Cosigning a Student Loan: Pros & Cons

Student Loan Cosigner

Cosigning a Student Loan: Pros & Cons

The process of taking SAT/ACT exams, sending out handfuls of college applications, and eventually deciding on your school of choice is an emotional rollercoaster ride for even the most prepared and least anxious of students. At the very end of this arduous process, students (and parents!) find themselves at the very beginning of the next undertaking: financing a college education.

For lucky students, their parents or extended relatives are there to help. For many others, student loans are oftentimes the only viable option. As an immediate family member, extended relative, or family friend of someone pursuing a university-level education, you may be approached to cosign a student loan.

Much attention is given to student loans, however little attention is given to the impact of cosigning a student loan. For anyone that is considering a role as a cosigner, besides acknowledging the obvious benefit to the student borrower (i.e. they’ll be able to qualify for the loan!), it’s also necessary to know what’s at stake for you.

Who can cosign a student loan:
More often than not, a cosigner can be anyone with a strong credit history who has a willingness to help the student in question.

All lenders have their own cosigner requirements, however many institutions require cosigners to have a credit score of 670 or better and sufficient income to pay back the loan in the event the primary borrower defaults and is unable to repay. There are cases when lenders will go a step further to get a better sense of the cosigner’s overall stability – this can include reviewing the cosigner’s job history, how long they’ve lived in their home, and whether they’ve been in their job for at least a year.

Additionally, one of the least discussed (yet most important!) topics for deciding who should cosign a loan is the cosigner’s health. Many private lenders include language in the lending agreements that allow them to demand that the loan be paid in full upon the death of the cosigner. This is a point that deserves more attention considering that it’s not uncommon for grandparents (many who are older and may not be in their best health) to serve as cosigners.

What does it mean to cosign a student loan:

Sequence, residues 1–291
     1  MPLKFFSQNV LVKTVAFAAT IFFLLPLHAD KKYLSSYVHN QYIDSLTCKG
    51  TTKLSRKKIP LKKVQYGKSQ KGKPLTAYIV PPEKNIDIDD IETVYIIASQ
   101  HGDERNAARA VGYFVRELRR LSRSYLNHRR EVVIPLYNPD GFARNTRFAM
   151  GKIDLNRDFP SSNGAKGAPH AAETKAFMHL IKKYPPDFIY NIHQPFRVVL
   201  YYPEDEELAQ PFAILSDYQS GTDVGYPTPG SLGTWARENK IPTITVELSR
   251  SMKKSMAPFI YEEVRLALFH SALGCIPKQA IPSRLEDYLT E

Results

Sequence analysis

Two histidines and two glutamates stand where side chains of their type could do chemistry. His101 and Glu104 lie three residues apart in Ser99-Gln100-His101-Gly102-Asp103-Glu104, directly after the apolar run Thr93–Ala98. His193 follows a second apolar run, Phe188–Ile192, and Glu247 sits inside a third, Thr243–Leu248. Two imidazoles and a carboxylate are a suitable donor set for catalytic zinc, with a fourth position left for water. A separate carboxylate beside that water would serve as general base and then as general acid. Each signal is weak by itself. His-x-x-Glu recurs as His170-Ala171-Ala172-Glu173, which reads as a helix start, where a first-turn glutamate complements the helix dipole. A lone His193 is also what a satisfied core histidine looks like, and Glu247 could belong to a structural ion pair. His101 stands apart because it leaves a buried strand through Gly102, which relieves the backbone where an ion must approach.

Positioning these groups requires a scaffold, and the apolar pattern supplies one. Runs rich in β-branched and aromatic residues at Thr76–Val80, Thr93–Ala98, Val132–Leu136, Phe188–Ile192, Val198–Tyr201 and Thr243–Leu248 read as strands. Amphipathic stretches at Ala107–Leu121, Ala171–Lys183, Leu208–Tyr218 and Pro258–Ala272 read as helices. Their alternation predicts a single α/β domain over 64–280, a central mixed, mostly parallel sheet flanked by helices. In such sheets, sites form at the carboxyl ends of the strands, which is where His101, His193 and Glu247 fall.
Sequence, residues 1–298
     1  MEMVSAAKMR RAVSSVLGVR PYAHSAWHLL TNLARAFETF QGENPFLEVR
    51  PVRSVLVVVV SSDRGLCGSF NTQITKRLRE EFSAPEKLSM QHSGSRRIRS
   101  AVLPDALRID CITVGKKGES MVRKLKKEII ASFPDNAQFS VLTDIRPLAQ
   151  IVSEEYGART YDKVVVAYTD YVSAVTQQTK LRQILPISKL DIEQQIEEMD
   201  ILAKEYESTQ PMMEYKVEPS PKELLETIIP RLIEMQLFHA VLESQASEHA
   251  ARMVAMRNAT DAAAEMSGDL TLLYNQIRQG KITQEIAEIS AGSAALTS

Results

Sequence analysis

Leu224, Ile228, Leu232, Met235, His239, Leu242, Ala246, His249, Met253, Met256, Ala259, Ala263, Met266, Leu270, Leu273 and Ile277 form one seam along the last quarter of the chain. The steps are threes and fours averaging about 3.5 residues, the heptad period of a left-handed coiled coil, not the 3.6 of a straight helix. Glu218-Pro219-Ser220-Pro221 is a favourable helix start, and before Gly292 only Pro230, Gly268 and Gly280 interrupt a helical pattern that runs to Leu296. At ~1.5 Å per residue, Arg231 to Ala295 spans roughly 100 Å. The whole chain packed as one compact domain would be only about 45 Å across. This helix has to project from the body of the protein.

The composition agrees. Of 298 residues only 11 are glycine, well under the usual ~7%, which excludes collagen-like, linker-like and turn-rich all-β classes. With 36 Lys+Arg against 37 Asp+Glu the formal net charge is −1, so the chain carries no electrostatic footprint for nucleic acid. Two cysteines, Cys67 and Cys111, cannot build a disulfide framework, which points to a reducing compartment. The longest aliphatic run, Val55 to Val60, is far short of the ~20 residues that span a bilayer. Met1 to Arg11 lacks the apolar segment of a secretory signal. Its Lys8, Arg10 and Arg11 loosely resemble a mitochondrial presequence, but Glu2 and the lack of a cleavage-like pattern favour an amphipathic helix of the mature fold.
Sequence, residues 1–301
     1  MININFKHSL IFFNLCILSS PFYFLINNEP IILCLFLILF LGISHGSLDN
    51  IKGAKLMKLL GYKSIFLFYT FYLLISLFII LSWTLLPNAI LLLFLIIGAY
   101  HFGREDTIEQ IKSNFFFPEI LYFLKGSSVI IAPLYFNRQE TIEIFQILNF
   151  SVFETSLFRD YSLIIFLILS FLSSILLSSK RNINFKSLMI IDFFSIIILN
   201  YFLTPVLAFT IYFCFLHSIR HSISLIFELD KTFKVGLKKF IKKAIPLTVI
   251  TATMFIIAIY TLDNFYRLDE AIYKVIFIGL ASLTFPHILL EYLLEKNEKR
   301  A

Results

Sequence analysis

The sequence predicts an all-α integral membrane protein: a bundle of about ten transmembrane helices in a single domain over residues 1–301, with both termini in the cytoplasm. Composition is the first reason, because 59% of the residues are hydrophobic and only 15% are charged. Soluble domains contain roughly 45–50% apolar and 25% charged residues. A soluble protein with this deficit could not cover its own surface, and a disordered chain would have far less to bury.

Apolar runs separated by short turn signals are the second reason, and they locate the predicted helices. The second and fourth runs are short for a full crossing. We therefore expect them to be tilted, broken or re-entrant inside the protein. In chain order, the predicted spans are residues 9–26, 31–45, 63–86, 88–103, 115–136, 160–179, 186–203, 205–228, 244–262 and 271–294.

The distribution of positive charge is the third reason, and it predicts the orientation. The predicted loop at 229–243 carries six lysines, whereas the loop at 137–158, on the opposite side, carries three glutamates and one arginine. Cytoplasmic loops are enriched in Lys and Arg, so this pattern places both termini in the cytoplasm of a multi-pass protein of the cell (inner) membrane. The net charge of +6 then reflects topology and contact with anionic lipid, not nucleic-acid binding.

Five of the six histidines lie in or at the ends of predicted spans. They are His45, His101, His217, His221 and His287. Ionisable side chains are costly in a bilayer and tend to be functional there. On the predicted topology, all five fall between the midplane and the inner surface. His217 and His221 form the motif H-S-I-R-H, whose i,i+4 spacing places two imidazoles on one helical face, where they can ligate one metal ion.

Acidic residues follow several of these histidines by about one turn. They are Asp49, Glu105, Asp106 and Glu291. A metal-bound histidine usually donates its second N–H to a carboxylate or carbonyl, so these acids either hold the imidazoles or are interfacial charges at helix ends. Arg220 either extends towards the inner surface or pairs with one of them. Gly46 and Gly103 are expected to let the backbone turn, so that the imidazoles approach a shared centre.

Personally, I’ve never encountered a student fresh out of high school who met the requirements to take out a student loan without a cosigner. This is likely due to their limited income and minimal (often non-existent) credit history. As the cosigner of a student loan, you are guaranteeing repayment of the debt. As cosigner, you hold a legal obligation to take over debt repayment in the event the borrower cannot keep up.

When banks lend money to borrowers for real estate in the form of a mortgage, the property itself serves as collateral. If the borrower is unable to keep up with their payments, the lender has peace of mind knowing it can cut its losses by seizing the property and selling it to a new buyer.

Considering that student loans are not backed by any physical collateral that can be seized and resold, a cosigner is a bank’s best option to recover an owed student debt.

Naturally, many students look towards their financially-stable family members to cosign student loans.

When parents or family friends of the borrower ask me for my thoughts on cosigning a student’s debt, I ask two questions:

  • Are you prepared for the responsibility to pay off this debt if the borrower cannot keep up with payments?
    • If no, DON’T cosign!
    • If yes, next question…
  • Do you, personally, have any large upcoming purchases/investments that will require borrowing a large sum of money (such as a new home purchase/mortgage or business loan)?
    • If yes, maybe don’t cosign. REASON: The cosigned loans will show up on your credit report and may complicate/restrict your ability to borrow.
    • If no, consider the borrower, your relationship with that person, and your confidence that they will be responsible in repaying the debt. If you accept the risks of being a cosigner and trust the borrower’s explicit commitment to repay the debt – go for it.

Benefits of cosigning a student loan:
For starters, the student borrowers are the primary beneficiaries of a cosigned loan. Cosigners allow students who would otherwise not qualify for a student loan to qualify and secure the funding needed to pursue their education. Additionally, if the cosigner is someone with stellar credit and strong income, the lender may take these facts into account and offer loans with lower, more competitive interest rates.

Many borrowers need cosigners for student loans due to not having much (if any) credit history. By having a student loan in their name and staying consistent on their monthly repayment, student borrowers are making significant (albeit unintentional) strides in establishing a personal credit history.

For cosigners, there’s little personal benefit to cosigning a loan (besides seeing a potential loved one pursue their dreams).

Drawbacks of cosigning a student loan: